Heartbeats (2010)


By and large, I enjoy Zack Snyder’s films, but with the exception of Dawn of the Dead, I don’t respect any of them. My main problem is that his visual style supersedes any sense of actual storytelling – Sucker Punch being the obvious worst offender of this. His films look great, but they have nothing backing them up – and that leaves me cold, because the movie feels empty.

So what if a film does that deliberately? And what if works? And where does that leave my derisive snobbery? With Heartbeats.

Heartbeats is Xavier Dolan’s second film, released within a year of I Killed Your Mother, and if that film had eye-catching visuals, then Heartbeats doesn’t so much catch your eyes as rip them out and keep them in its pocket.

Heartbeats tells the story of Francis (Dolan) and Marie (Monia Chokri) who both fall head over heels with the enigmatic Nicolas (Neils Schneider). The plot doesn’t have too much meat to it. Their mutual affection for the one same man strains their friendship incredibly, and as for Nicolas, he doesn’t return their feelings but definitely leads them on into thinking that there’s something going on.

This isn’t to say there’s nothing there – all three put in good performances (Schneider being the weakest of the three, but then again, his character is meant to be kind of image-centric, so it actually makes some kind of sense) and it’s incredible to see Dolan go from playing such an arrogant and self-centred character in I Killed My Mother to really ramping up the awkwardness of his unrequited crush. Chokri is also fantastic as Marie, playing someone who appears to be structured from a completely different era but confused by modern angst – there’s a definite reference all throughout her character of French New Wave actress Anna Karina.


But the film treats the characters with an odd distance. While we do get to know them, and feel for them, and definitely have a sense of them as characters, we also don’t know anything about them at all. And it all works well. The love triangle falls apart – Marie and Francis end up alienating each other so badly that Nicolas distances himself, telling them to “love him or leave him” and once that happens, they realise there’s nothing there. Their friendship slowly mends, and when they see Nicolas some time later, they gruffly rebuke him.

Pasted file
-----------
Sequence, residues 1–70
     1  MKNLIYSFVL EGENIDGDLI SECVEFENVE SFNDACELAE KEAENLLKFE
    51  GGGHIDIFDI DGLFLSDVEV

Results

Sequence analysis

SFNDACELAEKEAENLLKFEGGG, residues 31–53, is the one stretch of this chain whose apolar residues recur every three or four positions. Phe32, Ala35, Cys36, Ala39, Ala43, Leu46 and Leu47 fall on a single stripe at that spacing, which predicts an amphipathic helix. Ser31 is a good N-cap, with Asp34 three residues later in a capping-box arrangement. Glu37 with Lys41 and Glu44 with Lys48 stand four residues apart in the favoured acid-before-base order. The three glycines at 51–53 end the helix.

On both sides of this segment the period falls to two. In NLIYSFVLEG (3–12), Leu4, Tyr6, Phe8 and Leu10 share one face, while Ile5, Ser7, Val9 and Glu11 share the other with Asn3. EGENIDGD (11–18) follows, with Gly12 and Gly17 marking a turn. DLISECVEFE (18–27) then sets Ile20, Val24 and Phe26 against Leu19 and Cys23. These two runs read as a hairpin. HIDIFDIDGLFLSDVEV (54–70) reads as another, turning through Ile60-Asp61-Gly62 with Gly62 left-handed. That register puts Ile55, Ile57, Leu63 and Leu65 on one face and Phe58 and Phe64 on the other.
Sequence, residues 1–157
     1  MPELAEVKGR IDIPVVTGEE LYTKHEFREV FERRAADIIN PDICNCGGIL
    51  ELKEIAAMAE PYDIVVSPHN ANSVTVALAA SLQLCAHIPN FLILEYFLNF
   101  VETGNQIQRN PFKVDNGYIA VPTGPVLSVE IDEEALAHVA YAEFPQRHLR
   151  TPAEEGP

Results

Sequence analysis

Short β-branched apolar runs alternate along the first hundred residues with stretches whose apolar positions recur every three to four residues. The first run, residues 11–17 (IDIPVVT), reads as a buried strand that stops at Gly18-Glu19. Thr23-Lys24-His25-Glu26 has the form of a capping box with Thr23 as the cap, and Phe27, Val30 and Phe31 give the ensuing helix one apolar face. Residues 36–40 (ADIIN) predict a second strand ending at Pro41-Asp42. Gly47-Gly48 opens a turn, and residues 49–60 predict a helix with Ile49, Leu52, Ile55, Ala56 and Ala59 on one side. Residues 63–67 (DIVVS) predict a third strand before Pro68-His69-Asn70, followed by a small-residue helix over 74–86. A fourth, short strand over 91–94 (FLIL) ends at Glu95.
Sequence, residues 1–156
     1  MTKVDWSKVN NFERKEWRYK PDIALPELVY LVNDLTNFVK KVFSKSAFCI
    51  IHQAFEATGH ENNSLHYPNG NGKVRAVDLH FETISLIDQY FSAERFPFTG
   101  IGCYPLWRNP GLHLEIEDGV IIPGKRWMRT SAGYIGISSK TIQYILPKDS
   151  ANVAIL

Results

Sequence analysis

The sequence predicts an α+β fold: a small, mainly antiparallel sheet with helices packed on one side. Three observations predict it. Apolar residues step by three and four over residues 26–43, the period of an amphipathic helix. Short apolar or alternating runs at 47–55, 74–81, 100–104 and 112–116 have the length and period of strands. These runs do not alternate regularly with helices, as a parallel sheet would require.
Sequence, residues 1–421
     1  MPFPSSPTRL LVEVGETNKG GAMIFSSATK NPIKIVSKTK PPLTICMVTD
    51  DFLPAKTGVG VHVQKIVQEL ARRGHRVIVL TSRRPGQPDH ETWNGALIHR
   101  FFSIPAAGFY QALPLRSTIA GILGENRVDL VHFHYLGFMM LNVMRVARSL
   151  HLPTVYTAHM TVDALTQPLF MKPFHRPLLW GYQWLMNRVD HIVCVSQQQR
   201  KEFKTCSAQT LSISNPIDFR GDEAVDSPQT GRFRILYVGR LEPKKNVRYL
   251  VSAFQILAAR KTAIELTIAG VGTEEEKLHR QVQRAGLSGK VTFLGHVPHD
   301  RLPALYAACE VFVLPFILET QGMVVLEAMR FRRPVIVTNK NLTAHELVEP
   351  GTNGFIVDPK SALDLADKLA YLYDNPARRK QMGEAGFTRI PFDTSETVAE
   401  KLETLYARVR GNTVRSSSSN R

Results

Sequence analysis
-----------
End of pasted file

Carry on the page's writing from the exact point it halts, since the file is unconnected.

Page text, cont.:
The essence of the plot involves how damaging it is for people to involve themselves entirely in artifice – in this case, both Francis and Marie believe they’re in love with Nicolas, and that he returns their (individual) affections; they’re both obsessed with what the appearance of things. He appears to be reciprocating their affections, they appear to be completely cool with the other being infatuated with him, and of course it all goes belly up.

What’s so great about this particular method is that the film is ridiculously stylish. I read a review a while back that called it “hipper than the hippest hipster”, and while they meant that as a fault, I’d see it as a compliment. Consider the hipsters – they toil especially hard at appearing completely nonchalant – a true hipster only exists from people observing them as a hipster. While, yes, the characters in this movie are hipsteresque, that observation is essential to them – Marie and Francis both wrap themselves so much in what it would be like if Nicolas loved them, that he devolves into what they want, not who they want.

At various points in the film, we see Marie and Francis hooking up with people in no-strings arrangements – these encounters are saturated with coloured lighting, so that the only difference between one empty encounter and another is the colour it was – specifically the only meaning about these encounters (and by extension the characters) is how they look.

There’s also a red version, a blue version…

I attribute this to Xavier Dolan – he showed amazing talent in creating I Killed My Mother, which had a definite style, but Heartbeats takes that above and beyond. “All style, no substance” might be the catchcry of those (myself included) who deride films like those Zack Snyder puts out, but here it just works. When you’re not trying to pass your style off as having substance, but making the style 90% of the substance, then it seems to work. This isn’t to say that the film is visually rich but hollow – quite the opposite. It is amazing to look at, and all of that attention paid to how things look is pivotal to really enhancing a relatively light story. And that the story is light is not a bad thing at all.

All the performances are good, the film looks amazing, and the soundtrack is superb – I think Xavier Dolan and I share the same iPod, because I love and had nearly every song from Heartbeats and I Killed My Mother before I saw the films. He’s also managed to excellently showcase The Knife and Fever Ray and that always deserves a big (metaphorical) pat on the back.

I’ve deliberately left this review light on the details, because like I Killed My Mother it needs to be seen, and I want you to see it.

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